The World Baseball Softball Confederation (WBSC) will this month stage the inaugural edition of its Premier12 tournament. Andy Fry reports.
Between November 8 and 21, the world’s 12 leading men’s baseball-playing nations will take part in the first-ever Premier12 event.
A joint venture between the World Baseball Softball Confederation (WBSC) and Nippon Professional Baseball (NPB), the event promises to be a fascinating addition to the baseball calendar.
If it goes well, the two organising bodies hope it will help persuade the International Olympic Committee (IOC) to re-admit baseball and softball to the summer Olympics from 2020.
The inaugural WBSC Premier12 is being co-hosted by Japan and Taiwan and will then be held every four years thereafter. According to WBSC president Riccardo Fraccari, it will be “the top international baseball event of the year, offering the biggest purse and highest award of world ranking points”.
Even before the first Premier12 ball has been pitched, he says the use of world rankings as the method for qualification is having an impact on the annual baseball calendar.
“It has raised the value of all officially-sanctioned international competitions in which points are generated (this includes junior events ranging from U12 upwards – which means national federations [NF] are rewarded for their work at every level). All NFs are included in this process and can potentially qualify for the Premier12.”
Fraccari is confident that the Premier12 will help consolidate the appeal of baseball in its core markets (North Asia and the Americas), while also providing a platform for further growth internationally.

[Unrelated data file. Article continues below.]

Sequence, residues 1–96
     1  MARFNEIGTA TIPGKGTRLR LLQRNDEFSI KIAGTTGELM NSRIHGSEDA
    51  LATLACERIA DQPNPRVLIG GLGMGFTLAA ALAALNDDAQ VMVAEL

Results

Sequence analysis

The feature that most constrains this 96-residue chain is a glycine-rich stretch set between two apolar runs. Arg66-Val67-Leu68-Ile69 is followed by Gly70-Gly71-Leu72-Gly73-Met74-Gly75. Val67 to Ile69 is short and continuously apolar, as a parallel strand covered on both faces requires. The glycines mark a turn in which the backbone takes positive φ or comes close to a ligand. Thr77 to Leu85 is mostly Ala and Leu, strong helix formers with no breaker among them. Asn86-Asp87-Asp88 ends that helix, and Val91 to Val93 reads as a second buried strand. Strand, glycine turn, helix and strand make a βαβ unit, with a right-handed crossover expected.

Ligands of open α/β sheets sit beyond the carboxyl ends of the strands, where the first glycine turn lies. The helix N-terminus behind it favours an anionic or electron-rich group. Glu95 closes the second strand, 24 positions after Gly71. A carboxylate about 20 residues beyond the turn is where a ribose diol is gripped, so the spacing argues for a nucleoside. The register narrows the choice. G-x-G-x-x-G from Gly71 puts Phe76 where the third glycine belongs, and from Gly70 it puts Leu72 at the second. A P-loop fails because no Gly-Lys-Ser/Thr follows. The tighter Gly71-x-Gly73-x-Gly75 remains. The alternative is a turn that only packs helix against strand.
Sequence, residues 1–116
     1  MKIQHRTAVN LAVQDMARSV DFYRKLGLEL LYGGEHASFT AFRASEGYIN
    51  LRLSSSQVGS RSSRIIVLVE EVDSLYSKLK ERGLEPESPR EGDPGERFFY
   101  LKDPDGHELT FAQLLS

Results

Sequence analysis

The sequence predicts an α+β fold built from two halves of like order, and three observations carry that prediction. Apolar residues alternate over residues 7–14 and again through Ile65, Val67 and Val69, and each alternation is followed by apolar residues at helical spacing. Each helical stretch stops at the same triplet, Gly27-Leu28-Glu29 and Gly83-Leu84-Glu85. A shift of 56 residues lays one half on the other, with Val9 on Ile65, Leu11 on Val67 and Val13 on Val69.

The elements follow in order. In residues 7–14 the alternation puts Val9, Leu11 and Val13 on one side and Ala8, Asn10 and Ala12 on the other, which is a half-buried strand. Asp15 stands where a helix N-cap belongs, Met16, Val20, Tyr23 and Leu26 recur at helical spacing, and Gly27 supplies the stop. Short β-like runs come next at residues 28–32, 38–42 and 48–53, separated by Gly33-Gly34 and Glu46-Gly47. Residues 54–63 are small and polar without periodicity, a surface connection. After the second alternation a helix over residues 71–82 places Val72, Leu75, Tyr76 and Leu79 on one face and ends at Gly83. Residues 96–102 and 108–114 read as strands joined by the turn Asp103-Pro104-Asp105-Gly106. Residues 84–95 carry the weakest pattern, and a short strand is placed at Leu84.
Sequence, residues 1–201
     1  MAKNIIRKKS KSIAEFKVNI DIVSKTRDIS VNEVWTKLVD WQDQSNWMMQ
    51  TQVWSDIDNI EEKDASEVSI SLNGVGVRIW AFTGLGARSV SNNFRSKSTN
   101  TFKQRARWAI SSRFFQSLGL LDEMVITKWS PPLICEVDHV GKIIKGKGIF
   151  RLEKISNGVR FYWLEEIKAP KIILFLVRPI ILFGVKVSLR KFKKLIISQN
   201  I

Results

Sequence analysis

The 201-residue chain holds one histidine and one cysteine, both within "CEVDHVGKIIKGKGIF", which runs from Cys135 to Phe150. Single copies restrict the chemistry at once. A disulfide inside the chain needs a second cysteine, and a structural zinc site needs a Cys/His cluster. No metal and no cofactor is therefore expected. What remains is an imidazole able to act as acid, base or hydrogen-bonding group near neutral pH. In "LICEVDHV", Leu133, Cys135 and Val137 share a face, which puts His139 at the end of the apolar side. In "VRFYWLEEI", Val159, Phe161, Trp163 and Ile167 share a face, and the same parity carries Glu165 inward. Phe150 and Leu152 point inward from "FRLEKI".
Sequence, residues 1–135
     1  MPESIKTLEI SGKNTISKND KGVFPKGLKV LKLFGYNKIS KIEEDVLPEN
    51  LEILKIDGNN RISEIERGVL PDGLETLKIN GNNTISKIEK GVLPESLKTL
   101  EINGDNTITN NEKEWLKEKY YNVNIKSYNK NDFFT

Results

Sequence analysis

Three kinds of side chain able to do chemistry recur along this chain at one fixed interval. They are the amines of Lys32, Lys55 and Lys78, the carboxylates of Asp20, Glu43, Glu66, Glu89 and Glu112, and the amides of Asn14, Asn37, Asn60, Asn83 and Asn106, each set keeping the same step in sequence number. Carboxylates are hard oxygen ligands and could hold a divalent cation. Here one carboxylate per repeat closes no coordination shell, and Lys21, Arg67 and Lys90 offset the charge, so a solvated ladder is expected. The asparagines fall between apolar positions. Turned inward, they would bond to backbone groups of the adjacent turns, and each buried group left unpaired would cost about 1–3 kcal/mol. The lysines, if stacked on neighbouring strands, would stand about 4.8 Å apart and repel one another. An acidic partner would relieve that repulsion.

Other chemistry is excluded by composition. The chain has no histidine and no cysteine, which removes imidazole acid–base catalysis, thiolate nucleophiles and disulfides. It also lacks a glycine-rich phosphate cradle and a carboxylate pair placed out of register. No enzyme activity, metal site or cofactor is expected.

He calls the new event “a vehicle for baseball’s global stakeholders to unite and map out an international calendar and strategy for development that is in the best interests of our sport – at the national level as well as globally.”
If there’s one key question to be asked, it is why baseball needs the Premier 12 when it already has World Baseball Classic, a 16-team WBSC-endorsed quadrennial event involving the world’s best baseball nations that was last held in 2013 and is due to return in 2017. Fraccari gave a couple of reasons. Firstly, he said, “it is in response to requests by NFs to play at the highest level more than once every four years”.
Secondly, he adds, there is a distinction between the events – which goes back to the issue of world ranking points.
“The World Baseball Classic crowns the top men’s national team as world champions,” he said. “However the Premier 12 will recognise and reward the best overall national team programme – from Under 12 to professional – over the four-year cycle.”
In terms of baseball politics, the biggest difference between the two events is that the WBC is a Major League Baseball-backed event featuring MLB players, whereas the Premier 12 doesn’t involve any MLB players.
Inevitably, this will place more emphasis on players plying their trade within Asia. Which explains why the NPB, which claims to be the second highest-attended major sports league in the world (with nearly 23 million fans in 2014), is keen to be involved.
Not to be overlooked either is the fact that the 2020 Olympics will also be held in Tokyo.
If the Premier 12 can find its mojo this winter, then it will certainly strengthen the WBSC’s hand when it takes its case to the IOC for inclusion in the Olympic Programme. Should it prove successful, Fraccari said: “The Premier12 will then gain in importance and prestige over the long-term, as it would serve as an Olympic qualifier.”
A good indication of the seriousness with which the WBSC views the Premier 12 was its decision to bring in design agency The Works to manage the brand design and artwork rollout for the event. The Works, which has developed the official look for some of the world’s biggest sports properties, including the 2014 FIFA World Cup, UEFA Champions League Finals and the 2014 FIVB Men’s & Women’s World Championships, will also be responsible for creating the look and feel of all fan zones.
For now the goal has got to be to get baseball and softball back into the Olympics